Episcopalian Crisis: Authority, Homosexuality & the Future of Anglicanism
Seltser, Barry Jay, Commonweal
Many Roman Catholics, ordained and lay, were understandably concerned when the Vatican issued its statement last fall barring men with "deep-seated homosexual tendencies" from the priesthood. If a priest is faithful to his promise of chaste celibacy, what difference does it make if he understands himself to be homosexual? Many people thought it was celibacy, not sexual orientation, that mattered when it came to priestly discipline.
I share the feeling of many people in thinking it is unjust to bar celibate homosexuals from the priesthood. But Rome may have had multiple reasons for issuing such a divisive instruction. Among those possible reasons is the way in which the debate over homosexuality, and especially over the influence, status, and authority of homosexual priests and ministers, has roiled nearly every Protestant denomination. Most conspicuous among those churches where attitudes toward homosexuality pose a serious threat to ecclesial unity is the Anglican Communion.
At its 2003 General Convention, the Episcopal Church of the United States of America (ECUSA) voted to approve the consecration of Gene Robinson, an active homosexual living in a committed relationship, as bishop of New Hampshire. At the same time, the Anglican Church of Canada authorized the blessing of same-sex unions. A firestorm erupted, both in North America and worldwide across the Anglican Communion of thirty-eight loosely allied national and regional churches. Conservative and evangelical Episcopalians, especially Anglican primates in Africa, Asia, and South America, made their outrage and objections known in no uncertain terms. Many threatened to leave the Anglican Communion if Robinson's ordination stood, or to try to exclude the American Episcopal Church from the Communion.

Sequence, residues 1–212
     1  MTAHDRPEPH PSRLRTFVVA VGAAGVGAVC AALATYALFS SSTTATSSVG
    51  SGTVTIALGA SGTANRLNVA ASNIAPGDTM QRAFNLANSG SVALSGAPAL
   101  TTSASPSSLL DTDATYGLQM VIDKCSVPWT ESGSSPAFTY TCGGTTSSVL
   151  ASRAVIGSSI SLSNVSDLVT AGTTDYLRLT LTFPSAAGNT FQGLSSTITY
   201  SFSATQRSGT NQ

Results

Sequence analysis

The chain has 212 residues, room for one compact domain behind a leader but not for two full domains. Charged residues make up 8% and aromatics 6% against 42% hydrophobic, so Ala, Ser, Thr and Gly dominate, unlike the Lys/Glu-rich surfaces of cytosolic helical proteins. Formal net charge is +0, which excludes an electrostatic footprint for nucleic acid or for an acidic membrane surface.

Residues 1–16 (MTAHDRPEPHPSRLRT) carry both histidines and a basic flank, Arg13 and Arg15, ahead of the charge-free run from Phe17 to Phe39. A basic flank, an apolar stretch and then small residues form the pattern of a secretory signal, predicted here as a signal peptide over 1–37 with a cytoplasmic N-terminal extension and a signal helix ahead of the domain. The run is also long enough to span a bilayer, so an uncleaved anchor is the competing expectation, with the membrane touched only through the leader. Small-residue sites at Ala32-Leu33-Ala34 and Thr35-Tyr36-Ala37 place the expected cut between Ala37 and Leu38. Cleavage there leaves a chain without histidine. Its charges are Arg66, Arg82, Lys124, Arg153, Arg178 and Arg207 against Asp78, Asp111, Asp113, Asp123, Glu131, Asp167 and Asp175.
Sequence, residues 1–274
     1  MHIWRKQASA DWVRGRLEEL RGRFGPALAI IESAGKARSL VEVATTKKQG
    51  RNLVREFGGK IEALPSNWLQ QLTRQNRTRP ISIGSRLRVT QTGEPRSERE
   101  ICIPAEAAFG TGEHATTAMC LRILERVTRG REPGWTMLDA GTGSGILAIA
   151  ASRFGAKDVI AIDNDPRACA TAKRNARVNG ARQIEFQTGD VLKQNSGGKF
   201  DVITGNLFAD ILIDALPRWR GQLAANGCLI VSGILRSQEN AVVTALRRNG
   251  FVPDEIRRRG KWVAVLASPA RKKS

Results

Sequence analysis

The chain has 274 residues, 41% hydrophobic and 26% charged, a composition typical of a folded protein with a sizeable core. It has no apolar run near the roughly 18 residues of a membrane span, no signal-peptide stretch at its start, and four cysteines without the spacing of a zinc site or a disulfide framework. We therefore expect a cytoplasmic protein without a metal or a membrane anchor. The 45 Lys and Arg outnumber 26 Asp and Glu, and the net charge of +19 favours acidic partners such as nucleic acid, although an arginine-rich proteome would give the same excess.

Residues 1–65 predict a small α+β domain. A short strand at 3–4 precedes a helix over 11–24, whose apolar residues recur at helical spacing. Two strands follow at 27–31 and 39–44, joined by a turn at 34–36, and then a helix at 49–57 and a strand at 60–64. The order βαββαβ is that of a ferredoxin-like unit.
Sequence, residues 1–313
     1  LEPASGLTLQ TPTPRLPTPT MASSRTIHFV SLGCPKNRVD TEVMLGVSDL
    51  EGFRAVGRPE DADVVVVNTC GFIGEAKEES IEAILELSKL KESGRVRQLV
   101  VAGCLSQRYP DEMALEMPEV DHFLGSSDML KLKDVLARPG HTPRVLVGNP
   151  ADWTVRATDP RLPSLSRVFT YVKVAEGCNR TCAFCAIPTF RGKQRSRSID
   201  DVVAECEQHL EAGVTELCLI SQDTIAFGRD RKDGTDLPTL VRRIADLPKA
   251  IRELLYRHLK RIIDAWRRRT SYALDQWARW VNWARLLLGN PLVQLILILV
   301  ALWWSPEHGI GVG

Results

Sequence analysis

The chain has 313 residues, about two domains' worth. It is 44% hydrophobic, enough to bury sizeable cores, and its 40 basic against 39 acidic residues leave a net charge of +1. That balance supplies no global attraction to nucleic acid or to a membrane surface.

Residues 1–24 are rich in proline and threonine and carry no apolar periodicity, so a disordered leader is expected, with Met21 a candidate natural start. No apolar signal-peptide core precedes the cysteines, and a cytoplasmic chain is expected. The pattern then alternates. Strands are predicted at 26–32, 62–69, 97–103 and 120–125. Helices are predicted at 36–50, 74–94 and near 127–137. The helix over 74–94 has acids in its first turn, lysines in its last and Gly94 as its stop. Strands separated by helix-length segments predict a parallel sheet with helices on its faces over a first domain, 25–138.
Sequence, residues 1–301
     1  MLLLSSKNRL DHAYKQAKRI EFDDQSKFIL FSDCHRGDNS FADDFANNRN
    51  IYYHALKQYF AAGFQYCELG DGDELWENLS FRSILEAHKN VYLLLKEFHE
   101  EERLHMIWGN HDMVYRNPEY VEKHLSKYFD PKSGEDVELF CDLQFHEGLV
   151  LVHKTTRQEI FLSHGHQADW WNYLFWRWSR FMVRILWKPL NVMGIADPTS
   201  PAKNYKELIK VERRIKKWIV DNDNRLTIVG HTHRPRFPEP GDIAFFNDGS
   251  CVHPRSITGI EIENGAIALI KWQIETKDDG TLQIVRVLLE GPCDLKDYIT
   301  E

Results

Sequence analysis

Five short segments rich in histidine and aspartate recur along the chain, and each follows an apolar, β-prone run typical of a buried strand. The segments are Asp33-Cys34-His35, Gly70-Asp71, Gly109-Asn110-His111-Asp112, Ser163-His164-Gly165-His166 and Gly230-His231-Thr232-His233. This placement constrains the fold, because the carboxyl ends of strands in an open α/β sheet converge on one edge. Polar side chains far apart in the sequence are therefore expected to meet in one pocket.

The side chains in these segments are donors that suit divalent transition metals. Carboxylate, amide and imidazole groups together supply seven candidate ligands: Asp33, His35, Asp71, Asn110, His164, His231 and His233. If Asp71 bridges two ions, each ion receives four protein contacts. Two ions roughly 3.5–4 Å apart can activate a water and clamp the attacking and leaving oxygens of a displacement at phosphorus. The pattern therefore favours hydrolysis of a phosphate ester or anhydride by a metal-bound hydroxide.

The archbishop of Canterbury, Rowan Williams, who is the symbolic head of the Anglican Communion, sought to forestall outright schism. Williams, believed to be personally sympathetic to the ordination of homosexuals, urged caution on the ECUSA. He commissioned "The Windsor Report," released in 2004, which urged the ECUSA to apologize for its actions and to embrace a moratorium on ordaining openly gay bishops and blessing same-sex unions. As Williams recently told the interviewer David Frost, changing church teaching and practice about homosexuality is not a step any one church in the Anglican Communion should undertake on its own. "For a change on that," Williams said, "I think we would need, as a Communion, to have a far greater level of consensus than we in fact have. Which is why the American determination to go it alone is worrying."
The forging of any broader consensus on the question of homosexuality seems unlikely. Whether American Episcopalians are determined to go it alone is likely to be decided at their next general convention, to be held in Columbus, Ohio, June 13-21. At the top of the convention's agenda may be the approval of another openly gay bishop. Liberal and conservative groups are already maneuvering to contest the disposition of church property if conservative Episcopal churches, and even dioceses, consequently leave the ECUSA and affiliate themselves with dioceses in Africa and elsewhere, as some already have. Few observers think the predominantly liberal ECUSA will back away from the ordination of more open or sexually active gay bishops, which many Episcopalians see as the logical extension of a struggle for equal rights that first led to the still contested ordination of women as priests and bishops. The Anglican Church in England, for example, although it ordains women as priests, has not yet, out of a concern for ecclesial unity, ordained a woman as bishop.
Looking at the impending implosion of the Anglican Communion, Rome, from its perspective, is perhaps more forward thinking than its critics suspect in trying to forestall any similar battle in the Catholic Church. Catholics who hope their church will change its teaching about homosexuality, the ordination of women, priestly celibacy and marriage, and contraception, while adopting a more collegial approach to the exercise of authority and greater respect for individual conscience, should be chastened by the current crisis in the Episcopal Church. …